“Lay aside” may be too moderate: perhaps I would even consider “trample.”
In a CNN interview, Wolf Blitzer asked Osteen a “what if”: what if a member of his congregation wanted to vote form Mitt Romney but had concerns that because he’s a Mormon, they’re not sure he’s a Christian.
Osteen replied, “When I hear Mitt Romney say that he believes that Jesus is the Son of God—that he’s the Christ, raised from the dead, that he’s his Savior—that’s good enough for me.”
While Osteen described the Mormon faith as “not traditional Christianity,” he said he believes Mormons fall under the Christian tent.
“Mormonism is a little different, but I still see them as brothers in Christ,” the pastor argued.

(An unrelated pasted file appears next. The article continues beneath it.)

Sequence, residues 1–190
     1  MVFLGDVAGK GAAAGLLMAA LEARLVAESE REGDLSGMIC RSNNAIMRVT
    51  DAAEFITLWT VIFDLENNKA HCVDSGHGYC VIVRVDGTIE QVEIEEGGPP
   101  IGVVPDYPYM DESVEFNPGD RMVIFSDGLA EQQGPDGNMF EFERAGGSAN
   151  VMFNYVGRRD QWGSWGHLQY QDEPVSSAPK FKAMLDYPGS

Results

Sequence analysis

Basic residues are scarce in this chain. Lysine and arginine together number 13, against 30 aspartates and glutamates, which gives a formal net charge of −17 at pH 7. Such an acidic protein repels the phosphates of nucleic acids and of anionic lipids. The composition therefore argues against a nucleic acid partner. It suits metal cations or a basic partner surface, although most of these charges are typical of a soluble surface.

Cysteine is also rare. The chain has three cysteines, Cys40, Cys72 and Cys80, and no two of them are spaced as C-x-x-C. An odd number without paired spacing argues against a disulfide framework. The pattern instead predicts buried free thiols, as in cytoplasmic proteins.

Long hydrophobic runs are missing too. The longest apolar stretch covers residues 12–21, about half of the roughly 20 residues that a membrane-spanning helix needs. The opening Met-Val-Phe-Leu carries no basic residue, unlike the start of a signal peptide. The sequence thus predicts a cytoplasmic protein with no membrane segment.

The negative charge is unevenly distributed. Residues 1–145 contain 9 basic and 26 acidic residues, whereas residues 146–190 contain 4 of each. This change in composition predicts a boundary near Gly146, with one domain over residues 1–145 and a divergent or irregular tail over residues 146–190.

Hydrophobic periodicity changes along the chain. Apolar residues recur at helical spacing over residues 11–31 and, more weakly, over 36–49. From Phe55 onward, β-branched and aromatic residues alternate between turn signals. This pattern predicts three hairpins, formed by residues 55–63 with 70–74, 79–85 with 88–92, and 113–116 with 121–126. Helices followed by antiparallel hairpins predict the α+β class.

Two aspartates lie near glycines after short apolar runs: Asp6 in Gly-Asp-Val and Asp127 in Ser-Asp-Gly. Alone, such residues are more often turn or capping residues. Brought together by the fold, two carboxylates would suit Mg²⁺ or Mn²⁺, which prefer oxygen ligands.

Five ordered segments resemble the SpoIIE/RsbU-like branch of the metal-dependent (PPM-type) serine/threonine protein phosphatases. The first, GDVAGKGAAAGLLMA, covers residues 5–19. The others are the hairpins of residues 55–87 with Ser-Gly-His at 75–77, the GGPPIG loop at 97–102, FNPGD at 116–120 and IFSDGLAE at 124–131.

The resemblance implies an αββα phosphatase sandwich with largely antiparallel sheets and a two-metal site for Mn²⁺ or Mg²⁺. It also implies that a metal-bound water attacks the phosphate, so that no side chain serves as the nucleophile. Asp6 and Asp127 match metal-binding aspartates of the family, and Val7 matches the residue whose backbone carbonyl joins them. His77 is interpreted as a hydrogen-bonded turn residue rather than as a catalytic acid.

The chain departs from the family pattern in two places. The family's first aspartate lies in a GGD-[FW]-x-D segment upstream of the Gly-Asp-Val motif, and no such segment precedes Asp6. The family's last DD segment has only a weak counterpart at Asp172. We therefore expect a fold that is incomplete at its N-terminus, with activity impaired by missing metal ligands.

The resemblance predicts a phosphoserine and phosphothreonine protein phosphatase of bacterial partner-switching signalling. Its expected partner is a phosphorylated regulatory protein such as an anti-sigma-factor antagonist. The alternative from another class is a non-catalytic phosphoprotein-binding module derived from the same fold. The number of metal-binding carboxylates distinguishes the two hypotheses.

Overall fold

We might have expected something like this to be said by Osteen. He has a history of softening, even compromising, Christian positions for a general public ear—in some cases only to be pressured into retracting later. But this instance is particularly troubling.
Mormonism is no more a Christian than is occultism, Jehovah’s Witness, Unification Church (Moonies), Scientology, Christian Science, or even Islam. For example:
- Mormons teach that God has a physical body and that Jesus was physically conceived.
- Mormons teach that Christ was not a god, but only became a god at later point.
- Mormons teach that we can all become such gods, as Jesus did.
- Mormons teach that the Trinity is actually three such separate gods.
- Mormons believe the highest potential of man is to become such a god and subsequently to populate and rule their own planet (or even universe).
- Mormons teach that a man needs a wife in order to achieve this status.
- Mormons place the Book of Mormon and others above the Bible as the ultimate authority.